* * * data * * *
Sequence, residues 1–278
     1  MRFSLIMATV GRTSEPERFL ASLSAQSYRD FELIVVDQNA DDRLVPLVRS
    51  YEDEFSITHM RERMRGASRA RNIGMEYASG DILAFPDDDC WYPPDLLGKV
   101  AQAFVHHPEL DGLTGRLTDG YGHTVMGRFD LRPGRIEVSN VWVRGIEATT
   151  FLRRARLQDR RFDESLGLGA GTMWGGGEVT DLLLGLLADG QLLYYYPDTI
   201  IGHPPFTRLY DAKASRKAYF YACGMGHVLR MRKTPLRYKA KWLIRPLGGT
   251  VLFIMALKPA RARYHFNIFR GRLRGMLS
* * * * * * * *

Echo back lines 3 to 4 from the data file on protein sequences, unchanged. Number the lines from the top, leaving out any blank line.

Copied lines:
    51  YEDEFSITHM RERMRGASRA RNIGMEYASG DILAFPDDDC WYPPDLLGKV
   101  AQAFVHHPEL DGLTGRLTDG YGHTVMGRFD LRPGRIEVSN VWVRGIEATT